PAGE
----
• In his column in The Sunday Times today, Lorcan Sirr  writes an uncharacteristically positive piece on the recent housing policy changes.  He praises recent announcements by the Government in relation to the building of affordable houses on state land.  He’s also in favour of the floated ban on evictions when landlords are ready to sell [ I hold a polar opinion on this!]. Most importantly, the columnist  described our housing minister’s admission that he could not calculate for sure how many houses were built last year as “politically courageous”.  The industry has been debating the credibility of housing data over the past number of years, however, in recent weeks this debate appeared up on Twitter with the hashtag #RealNumbers.  I love a good hashtag as much as the next person but if you want to dig a little deeper into this, you can listen back to a Andrea Gilligan’s show on Newstalk FM last Sunday, where I joined Derek Byrne of Victoria Homes, Simon Brooke of Cluid and economist John Fitzgerald to discuss housing data issues and alternative solutions to Ireland’s housing crisis.  You can listen back here:



  • Writing in The  Sunday Business Post today, Jack Horgan-Jones has a contentious headline ‘ State’s largest landlord: lower standards and we will deliver new homes’.  The story relates to a letter sent to The Minister for Housing by Ires Reit,  setting out how are relaxation of the rules and apartment sighted and standards could save up to €70,000 per apartment and delivery costs.


Commercial property


  • Writing in the Sunday Independent today, commercial property editor Ronald Quinlan has an interesting article on Paddy McKillen Jr.  and his London-based property lending business GreenOak,  which will apparently lend €100 million into the Irish market over the next 12 months.


  • The Sunday Business Post has a good construction roundup on page 15 of the property supplement with information provided by Construction Information Services (CIS),  highlights include:


–  Sammon Group has been appointed main contractor for the rapid-build of 42 homes at Avondale, Mulhuddart in Dublin 15.

–  Walls Construction  has been appointed main contractor for two student  accommodation schemes on Dominick Street Upper in Dublin 7, developing  327 beds.

–   O’ Flynn Construction is due to start work shortly on a €32 million residential development of 82 homes at Chapel Road, Kilsealy Lane, Malahide  in North Dublin.

–   Work is now underway on the final element of Hibernia Reit’s Sobo district  scheme ( 1WML and 1SJRQ) through John Paul Construction.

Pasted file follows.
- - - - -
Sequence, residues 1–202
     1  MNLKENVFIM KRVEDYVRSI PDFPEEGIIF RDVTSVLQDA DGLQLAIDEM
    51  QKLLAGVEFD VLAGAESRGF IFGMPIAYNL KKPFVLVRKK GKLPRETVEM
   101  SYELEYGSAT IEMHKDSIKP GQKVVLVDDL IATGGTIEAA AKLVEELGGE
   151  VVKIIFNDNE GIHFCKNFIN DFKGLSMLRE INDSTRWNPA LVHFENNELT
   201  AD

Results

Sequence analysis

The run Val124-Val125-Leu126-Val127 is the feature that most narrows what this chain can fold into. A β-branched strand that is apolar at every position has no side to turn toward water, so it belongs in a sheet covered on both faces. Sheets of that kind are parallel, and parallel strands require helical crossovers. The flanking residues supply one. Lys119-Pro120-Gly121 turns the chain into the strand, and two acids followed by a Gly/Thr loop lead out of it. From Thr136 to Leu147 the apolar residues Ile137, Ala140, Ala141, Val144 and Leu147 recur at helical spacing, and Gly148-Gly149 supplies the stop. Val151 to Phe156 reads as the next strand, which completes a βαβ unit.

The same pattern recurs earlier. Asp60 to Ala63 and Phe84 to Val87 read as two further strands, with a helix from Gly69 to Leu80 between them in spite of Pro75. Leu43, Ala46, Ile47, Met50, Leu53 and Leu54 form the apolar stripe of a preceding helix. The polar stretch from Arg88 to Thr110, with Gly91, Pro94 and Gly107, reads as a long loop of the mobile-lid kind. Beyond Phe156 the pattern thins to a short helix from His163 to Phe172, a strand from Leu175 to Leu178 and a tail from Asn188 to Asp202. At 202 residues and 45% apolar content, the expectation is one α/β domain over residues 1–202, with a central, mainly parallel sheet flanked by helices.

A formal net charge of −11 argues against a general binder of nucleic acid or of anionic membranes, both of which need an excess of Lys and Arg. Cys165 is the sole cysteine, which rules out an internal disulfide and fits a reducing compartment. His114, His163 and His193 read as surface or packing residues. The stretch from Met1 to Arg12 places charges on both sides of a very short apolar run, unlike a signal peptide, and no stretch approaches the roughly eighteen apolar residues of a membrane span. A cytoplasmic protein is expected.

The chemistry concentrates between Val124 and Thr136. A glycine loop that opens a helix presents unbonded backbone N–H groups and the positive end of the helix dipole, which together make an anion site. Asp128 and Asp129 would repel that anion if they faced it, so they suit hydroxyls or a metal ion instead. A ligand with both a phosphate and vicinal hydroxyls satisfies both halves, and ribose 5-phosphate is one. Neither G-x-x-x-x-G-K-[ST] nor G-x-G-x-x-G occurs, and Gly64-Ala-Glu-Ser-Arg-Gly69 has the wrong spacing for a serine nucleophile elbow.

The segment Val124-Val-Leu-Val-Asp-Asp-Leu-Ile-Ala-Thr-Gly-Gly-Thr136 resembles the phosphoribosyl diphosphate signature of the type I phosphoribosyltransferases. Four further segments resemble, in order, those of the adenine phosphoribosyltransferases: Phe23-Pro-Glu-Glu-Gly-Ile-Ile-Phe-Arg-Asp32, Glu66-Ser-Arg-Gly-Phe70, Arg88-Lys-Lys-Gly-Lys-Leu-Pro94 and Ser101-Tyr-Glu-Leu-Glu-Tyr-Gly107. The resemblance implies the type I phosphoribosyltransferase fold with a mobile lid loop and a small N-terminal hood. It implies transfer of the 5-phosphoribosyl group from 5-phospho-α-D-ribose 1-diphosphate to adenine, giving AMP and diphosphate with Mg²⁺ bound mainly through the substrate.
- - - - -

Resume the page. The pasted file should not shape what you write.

Industry happenings


  • “The lessons of the last few weeks are ones that we can’t afford to ignore.” Mark Castle – Chair of BuildUK and Mace’s Deputy COO for Construction – has written about construction sector profit margins for Building Magazine. Read it here:


  • The Ireland Strategic Investment Fund (ISIF) has published its year-end review for 2017. Investment returns have added €655m to the fund’s value since inception in December 2014 (to €8.7bn, up from €7.2bn). 2017 preliminary figures indicate an investment return of 4.0% on the ISIF portfolio, made up of 4.1% on the global portfolio and 3.4% on the Irish portfolio. ISIF is attracting €1.7m in private sector co-investment for every €1m invested by ISIF (as compared with original target of €1m co-investment for every €1m invested by ISIF).





  • The next proptech meet-up is taking place in Devitts on Camden Street, Dublin 8 on Monday 5th February at 7pm – link for booking here: PROPTECH MEET-UP


  • Edinburgh-based #proptech firm Pixel Image has developed the housing industry’s first ‘intuitive image-based online specification system’ that can display thousands of possible finish combinations throughout a home before construction begins:





To keep up-to-date on all things tech and innovation for the planning, construction and property industries, head over to, the national resource website for innovators, investors and mentors or email .

Property Insiders Guide


As many of you might know, my annual property book The Irish Property Buyers’ Handbook (since 2011) has undergone a rebrand for 2018 and will now appear as part of The Property Insider series, published by Oak Tree Press, the first three titles are now published and available here.


(Finally, as always, apologies for any typos, it’s difficult to get good help on a Sunday!)